Unless you are a Sloane Ranger, and affecting an exaggerated accent.


P.S. Why does no one seem to use the word "Might" any more.? All I ever here is the word "May". I know it is a fine point about it's usage, but it does seem to be disappearing from the language.

Lovemykids

  • Formerly known as Lovemygirls
  • Member
  • Posts: 741
Re: Grammar quirks
« Reply #338 on: October 06, 2012, 07:42:23 PM »
The short slangy form of "yes is "yeah." "Yeah" rhymes with "meh."

It is *not* "ya." "Ya" rhymes with "ha."

See, now, I pronounce "yeah" with a short "a" sound as in "apple."  I pronounce "meh" with a short "e" sound as in "let."  (I don't use the spelling "ya" at all, except in something like, "see ya," and in that case, it's a short "u" sound, like in "duh.")

Shoo

  • Member
  • Posts: 15855
Re: Grammar quirks
« Reply #339 on: October 06, 2012, 07:45:20 PM »
Saw another one.

The short slangy form of "yes is "yeah." "Yeah" rhymes with "meh."

It is *not* "ya." "Ya" rhymes with "ha."

Yeah doesn't rhyme with meh.  Yeah has a short "a" sound and meh has a short "e" sound.  That's how I've always heard those words pronounced, anyway.

Mental Magpie

  • Member
  • Posts: 4138
Re: Grammar quirks
« Reply #340 on: October 07, 2012, 12:15:12 AM »
The short slangy form of "yes is "yeah." "Yeah" rhymes with "meh."

It is *not* "ya." "Ya" rhymes with "ha."

See, now, I pronounce "yeah" with a short "a" sound as in "apple."  I pronounce "meh" with a short "e" sound as in "let."  (I don't use the spelling "ya" at all, except in something like, "see ya," and in that case, it's a short "u" sound, like in "duh.")

This is also how I pronounce them.  scotcat60, is this maybe a regional difference?

bansidhe

  • Member
  • Posts: 1991
    • The Menagerie
Re: Grammar quirks
« Reply #341 on: October 07, 2012, 12:16:36 AM »
Saw another one.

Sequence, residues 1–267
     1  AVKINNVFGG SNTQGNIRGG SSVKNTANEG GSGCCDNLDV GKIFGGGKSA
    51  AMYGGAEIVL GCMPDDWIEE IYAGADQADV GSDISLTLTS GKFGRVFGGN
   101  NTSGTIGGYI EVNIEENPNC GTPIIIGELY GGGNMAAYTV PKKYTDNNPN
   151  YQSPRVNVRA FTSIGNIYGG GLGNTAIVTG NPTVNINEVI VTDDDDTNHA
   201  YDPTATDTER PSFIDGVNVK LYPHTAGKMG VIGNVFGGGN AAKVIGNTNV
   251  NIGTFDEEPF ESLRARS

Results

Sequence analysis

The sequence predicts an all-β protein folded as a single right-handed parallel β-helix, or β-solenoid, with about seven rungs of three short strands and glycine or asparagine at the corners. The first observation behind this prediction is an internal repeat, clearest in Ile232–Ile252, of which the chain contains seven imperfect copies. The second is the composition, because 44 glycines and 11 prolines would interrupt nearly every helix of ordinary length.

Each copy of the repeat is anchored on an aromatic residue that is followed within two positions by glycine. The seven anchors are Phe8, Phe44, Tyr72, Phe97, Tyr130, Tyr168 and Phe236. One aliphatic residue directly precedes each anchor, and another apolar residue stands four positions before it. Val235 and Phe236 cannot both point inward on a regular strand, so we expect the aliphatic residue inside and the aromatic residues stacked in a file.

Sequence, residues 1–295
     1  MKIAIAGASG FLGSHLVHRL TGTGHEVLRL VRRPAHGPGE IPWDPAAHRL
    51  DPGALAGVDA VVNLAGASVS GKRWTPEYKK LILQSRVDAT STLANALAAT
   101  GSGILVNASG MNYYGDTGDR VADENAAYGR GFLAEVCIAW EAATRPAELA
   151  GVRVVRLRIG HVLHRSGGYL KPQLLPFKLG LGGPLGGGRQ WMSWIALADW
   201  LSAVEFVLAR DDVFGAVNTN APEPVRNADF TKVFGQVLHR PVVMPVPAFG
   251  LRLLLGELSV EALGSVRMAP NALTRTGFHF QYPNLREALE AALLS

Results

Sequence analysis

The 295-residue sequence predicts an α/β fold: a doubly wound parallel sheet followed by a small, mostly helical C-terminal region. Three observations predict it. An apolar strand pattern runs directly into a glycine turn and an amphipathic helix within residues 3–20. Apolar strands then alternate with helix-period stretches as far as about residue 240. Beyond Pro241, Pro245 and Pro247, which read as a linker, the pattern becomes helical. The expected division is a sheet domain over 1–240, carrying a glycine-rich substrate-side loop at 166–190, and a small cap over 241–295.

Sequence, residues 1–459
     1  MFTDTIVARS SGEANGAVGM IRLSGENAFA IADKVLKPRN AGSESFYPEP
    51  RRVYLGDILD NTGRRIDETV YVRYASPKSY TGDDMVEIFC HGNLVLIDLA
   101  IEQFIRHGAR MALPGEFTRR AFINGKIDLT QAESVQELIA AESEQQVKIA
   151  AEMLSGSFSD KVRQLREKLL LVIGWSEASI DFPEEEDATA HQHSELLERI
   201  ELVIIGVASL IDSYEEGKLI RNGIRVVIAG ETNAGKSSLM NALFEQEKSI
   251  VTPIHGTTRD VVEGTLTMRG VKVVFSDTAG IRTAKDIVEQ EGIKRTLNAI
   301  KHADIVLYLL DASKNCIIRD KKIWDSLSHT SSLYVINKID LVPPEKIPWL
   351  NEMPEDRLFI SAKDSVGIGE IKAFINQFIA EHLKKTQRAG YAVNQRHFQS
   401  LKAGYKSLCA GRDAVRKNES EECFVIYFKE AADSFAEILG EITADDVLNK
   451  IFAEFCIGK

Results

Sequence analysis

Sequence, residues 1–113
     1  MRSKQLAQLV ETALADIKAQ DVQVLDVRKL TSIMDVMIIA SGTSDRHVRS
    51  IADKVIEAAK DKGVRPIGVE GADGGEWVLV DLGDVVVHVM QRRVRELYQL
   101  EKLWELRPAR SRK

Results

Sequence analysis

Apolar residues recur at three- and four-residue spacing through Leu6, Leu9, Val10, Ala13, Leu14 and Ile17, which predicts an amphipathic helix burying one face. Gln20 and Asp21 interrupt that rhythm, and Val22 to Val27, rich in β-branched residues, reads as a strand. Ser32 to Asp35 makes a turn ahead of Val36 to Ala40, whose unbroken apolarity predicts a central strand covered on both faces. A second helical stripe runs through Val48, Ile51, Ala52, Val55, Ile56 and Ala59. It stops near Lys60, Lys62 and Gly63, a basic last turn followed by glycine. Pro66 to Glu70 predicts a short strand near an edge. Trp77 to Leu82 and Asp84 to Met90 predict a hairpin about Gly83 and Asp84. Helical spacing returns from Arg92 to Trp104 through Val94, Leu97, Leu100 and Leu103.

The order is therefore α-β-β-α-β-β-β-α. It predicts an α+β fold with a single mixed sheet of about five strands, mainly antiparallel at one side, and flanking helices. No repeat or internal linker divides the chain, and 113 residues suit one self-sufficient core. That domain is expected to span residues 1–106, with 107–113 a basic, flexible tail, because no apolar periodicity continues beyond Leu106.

The short slangy form of "yes is "yeah." "Yeah" rhymes with "meh."

It is *not* "ya." "Ya" rhymes with "ha."

Yeah doesn't rhyme with meh.  Yeah has a short "a" sound and meh has a short "e" sound.  That's how I've always heard those words pronounced, anyway.

Until I came to this thread, I had no idea anyone pronounced "yeah" any way other than rhyming with "meh." This must be a regional difference. Never heard anyone in my neck of the woods pronounce it with a short "a" sound.
Esan ozenki!

Arizona

Mental Magpie

  • Member
  • Posts: 4138
Re: Grammar quirks
« Reply #342 on: October 07, 2012, 12:19:54 AM »
Saw another one.

The short slangy form of "yes is "yeah." "Yeah" rhymes with "meh."

It is *not* "ya." "Ya" rhymes with "ha."

Yeah doesn't rhyme with meh.  Yeah has a short "a" sound and meh has a short "e" sound.  That's how I've always heard those words pronounced, anyway.

Until I came to this thread, I had no idea anyone pronounced "yeah" any way other than rhyming with "meh." This must be a regional difference. Never heard anyone in my neck of the woods pronounce it with a short "a" sound.

I had no idea anyone pronounced it rhyming with "meh".  That is so weird! (totally smiling and surprised that it is pronounced any other way).

bansidhe

  • Member
  • Posts: 1991
    • The Menagerie
Re: Grammar quirks
« Reply #343 on: October 07, 2012, 12:42:36 AM »
I'm going to be paying close attention to the way people say it from now on. I want to catch someone in the act.  :D
Esan ozenki!

Arizona

Diane AKA Traska

  • Member
  • Posts: 4568
  • Or you can just call me Diane. (NE USA EHellion)
Re: Grammar quirks
« Reply #344 on: October 07, 2012, 12:52:36 AM »
The funny thing is, I've never heard either!  What I hear (and say) is a single syllable word that other wise sounds like "yeh-ah".
Location:
Philadelphia, PA